5 must-have financial goals

Posted by Alicia Waltenberger

Thinking about your financial goals for the near future, it's easy to start daydreaming about the wonderful things you hope to acquire—a well-deserved pay raise or maybe that long-awaited home renovation. But what about financial peace of mind? While hopes and dreams vary from person to person, there are five big financial goals anyone seeking financial well-being should include on their list:

  1. Max out your 403(b). One rule of thumb says that by the time you turn 30, you should have the equivalent of your annual salary saved (that's all savings, not just retirement assets); double your salary saved by age 35; three times the amount by age 40, and so on. I know, that may sound a bit on the colossal side. However much you're falling short, don't fret, it's never too late to increase your savings rate—and it never hurts to aim high—as close to the $19,5001 annual limit as you can get. Take full advantage of your employer match, if you have one: With a $50,000 salary from an employer matching up to 6% of your contributions, you'd be turning down $3,000 (free money) each year! Most people's pay consists of a package that includes salary and employer benefits. You wouldn't accept a $3,000 pay cut without a fight; well, letting your employer match go to waste is kind of the same thing. In the absence of an employer plan, contribute to an IRA instead, even though the target is much lower (the annual contribution rate for 2020 is $6,000).
  2. Build an emergency fund. Each year brings economic uncertainty to many and, even for the financially secure, life happens in the form of medical bills, domestic catastrophes and other unplanned expenses. As a general rule, it's good to maintain an emergency fund that would cover three to six months of living expenses in case you find yourself unemployed. Every job sector is different; I have friends who are out of the workforce and it's taking them a while to find something. For them, six months' worth of living expenses is a bit on the inadequate side. Once you've calculated how much you should save, set aside a certain amount from each paycheck to set you on your way. Learn more about how to start your emergency fund.
  3. Get your financial affairs in order. I've met animal lovers who put more planning into their dog's birthday party than they do planning their estates. No doubt the party was a lot more fun, but estate planning is something you can't afford to postpone for another year. Getting your financial affairs in order, and designating the right people to manage them in the event of your incapacity or death, takes a huge weight off your shoulders. Necessary documents include durable powers of attorney, which designate someone to manage your day-to-day affairs, and a living will or healthcare directive to instruct your doctor what to do if you're unable to make medical decisions for yourself. Don't forget to inform those assigned with the task of handling your estate, who need to know the location of your will and other estate planning documents.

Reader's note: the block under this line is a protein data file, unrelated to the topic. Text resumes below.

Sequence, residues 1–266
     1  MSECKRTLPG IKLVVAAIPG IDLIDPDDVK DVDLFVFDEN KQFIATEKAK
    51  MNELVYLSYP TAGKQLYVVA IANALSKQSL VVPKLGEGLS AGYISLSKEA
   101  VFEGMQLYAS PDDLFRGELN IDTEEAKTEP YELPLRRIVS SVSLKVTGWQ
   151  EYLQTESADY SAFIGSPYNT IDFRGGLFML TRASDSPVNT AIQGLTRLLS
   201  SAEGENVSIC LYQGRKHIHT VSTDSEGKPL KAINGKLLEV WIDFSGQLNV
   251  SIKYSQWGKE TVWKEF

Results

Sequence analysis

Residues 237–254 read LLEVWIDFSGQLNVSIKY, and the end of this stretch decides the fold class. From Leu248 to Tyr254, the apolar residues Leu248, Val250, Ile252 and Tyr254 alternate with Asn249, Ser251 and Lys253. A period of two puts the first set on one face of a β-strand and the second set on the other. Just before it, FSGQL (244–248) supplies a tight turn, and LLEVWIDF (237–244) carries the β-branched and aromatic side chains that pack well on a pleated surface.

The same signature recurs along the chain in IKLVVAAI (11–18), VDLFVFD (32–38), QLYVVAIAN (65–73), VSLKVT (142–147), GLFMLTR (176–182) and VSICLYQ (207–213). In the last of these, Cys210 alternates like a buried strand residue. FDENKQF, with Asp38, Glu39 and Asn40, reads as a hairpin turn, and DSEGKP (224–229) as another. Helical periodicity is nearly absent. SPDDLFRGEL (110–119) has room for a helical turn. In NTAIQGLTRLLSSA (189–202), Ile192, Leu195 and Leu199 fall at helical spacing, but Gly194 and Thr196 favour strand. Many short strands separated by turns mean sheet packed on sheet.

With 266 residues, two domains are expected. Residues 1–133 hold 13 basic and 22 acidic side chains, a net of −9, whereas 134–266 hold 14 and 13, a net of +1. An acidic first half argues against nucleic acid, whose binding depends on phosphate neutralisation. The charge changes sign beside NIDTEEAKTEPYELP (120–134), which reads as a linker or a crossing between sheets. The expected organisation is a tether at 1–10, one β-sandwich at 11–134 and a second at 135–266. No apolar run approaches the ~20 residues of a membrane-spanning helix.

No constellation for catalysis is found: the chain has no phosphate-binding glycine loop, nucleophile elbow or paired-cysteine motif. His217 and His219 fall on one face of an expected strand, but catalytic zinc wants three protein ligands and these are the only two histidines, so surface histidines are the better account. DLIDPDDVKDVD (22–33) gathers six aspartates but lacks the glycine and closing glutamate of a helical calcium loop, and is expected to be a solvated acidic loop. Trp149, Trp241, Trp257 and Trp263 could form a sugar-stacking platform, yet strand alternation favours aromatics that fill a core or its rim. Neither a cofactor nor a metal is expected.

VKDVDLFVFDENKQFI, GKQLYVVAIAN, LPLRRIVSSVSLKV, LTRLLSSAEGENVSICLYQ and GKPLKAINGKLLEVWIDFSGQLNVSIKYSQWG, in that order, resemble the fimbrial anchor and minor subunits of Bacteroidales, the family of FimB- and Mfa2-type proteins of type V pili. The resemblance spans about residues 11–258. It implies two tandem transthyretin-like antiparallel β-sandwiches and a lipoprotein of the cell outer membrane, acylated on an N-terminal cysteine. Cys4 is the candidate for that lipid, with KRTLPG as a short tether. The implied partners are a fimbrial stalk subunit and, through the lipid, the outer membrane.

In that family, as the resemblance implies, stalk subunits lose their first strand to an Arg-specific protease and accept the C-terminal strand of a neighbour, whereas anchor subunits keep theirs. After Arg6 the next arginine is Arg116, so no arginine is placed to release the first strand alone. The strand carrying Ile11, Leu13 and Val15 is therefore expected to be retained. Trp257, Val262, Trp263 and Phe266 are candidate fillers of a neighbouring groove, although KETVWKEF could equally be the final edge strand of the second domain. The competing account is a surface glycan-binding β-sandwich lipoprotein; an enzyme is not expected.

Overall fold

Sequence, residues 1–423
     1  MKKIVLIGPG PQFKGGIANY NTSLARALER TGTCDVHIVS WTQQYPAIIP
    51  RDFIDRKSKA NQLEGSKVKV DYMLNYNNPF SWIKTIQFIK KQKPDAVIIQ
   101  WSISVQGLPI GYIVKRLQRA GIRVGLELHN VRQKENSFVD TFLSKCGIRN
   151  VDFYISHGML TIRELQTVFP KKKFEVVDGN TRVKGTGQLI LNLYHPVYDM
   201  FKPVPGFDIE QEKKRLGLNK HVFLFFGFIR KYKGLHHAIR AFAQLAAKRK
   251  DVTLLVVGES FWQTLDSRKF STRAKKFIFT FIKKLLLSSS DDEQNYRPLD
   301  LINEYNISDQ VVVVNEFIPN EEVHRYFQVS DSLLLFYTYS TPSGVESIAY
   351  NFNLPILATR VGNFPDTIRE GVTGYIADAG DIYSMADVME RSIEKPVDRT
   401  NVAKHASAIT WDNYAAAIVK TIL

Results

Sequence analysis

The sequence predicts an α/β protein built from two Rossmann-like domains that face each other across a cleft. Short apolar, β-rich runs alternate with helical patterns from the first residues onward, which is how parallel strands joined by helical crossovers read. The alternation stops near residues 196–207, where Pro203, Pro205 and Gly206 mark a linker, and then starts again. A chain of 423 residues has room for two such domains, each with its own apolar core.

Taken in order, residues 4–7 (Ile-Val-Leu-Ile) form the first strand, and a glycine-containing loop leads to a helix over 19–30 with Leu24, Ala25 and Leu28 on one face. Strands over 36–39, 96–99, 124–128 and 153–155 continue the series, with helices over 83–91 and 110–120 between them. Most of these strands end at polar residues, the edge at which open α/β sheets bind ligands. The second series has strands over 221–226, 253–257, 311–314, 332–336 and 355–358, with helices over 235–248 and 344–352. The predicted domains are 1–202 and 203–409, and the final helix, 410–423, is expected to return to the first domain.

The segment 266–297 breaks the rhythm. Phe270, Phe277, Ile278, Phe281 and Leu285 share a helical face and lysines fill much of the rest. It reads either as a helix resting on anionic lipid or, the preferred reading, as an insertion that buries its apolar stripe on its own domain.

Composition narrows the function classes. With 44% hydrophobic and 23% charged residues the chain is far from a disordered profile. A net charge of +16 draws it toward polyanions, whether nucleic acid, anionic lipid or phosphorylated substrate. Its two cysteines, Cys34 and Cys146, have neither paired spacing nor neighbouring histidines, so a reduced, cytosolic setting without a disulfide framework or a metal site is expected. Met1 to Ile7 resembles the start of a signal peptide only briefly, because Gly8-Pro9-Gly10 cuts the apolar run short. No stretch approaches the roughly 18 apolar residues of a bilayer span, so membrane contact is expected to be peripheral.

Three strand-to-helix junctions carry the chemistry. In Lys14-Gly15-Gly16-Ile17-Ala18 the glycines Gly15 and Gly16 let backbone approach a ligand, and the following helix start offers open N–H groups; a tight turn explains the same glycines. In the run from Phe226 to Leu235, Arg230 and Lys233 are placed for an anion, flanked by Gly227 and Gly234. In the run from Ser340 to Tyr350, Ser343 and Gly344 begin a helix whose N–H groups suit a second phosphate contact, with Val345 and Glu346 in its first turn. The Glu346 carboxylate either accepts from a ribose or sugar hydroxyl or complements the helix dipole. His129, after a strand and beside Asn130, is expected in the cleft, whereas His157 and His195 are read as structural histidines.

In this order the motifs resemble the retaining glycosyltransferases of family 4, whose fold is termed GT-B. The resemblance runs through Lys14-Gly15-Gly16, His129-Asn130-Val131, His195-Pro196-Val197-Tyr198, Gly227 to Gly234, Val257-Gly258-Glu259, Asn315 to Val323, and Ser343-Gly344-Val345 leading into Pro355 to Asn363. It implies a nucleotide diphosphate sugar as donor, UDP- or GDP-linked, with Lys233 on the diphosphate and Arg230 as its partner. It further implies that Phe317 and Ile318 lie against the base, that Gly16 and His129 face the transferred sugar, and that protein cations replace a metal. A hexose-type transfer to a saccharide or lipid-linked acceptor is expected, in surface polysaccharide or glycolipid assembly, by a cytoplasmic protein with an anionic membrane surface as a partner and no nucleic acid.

4. Give yourself a debt deadline. Bad debts. You know which ones they are: the loan you took out to pay for a wedding; the credit card with the sky-high interest rate whose balance keeps rolling like a New York subway car. Convincing yourself that minimum monthly payments are okay? How about setting a deadline for repayment and getting rid of this exponentially growing interest?
  5. Create a budget (and stick to it). If you find that your spending is a bit out-of-control, you may want to press the reset button on your out-of-control spending behavior with a budget.

Remember, a properly set goal is halfway reached. Simply setting these five money goals is enough to start you well on your way toward financial well-being.

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1 Annual contribution limit for 2020.

The TIAA group of companies does not offer tax or legal advice. You should consult an independent tax or legal advisor for advice based on your own particular circumstances.

This material is for informational or educational purposes only and does not constitute investment advice under ERISA. This material does not take into account any specific objectives or circumstances of any particular investor, or suggest any specific course of action. Investment decisions should be made  based on the investor’s own objectives and circumstances.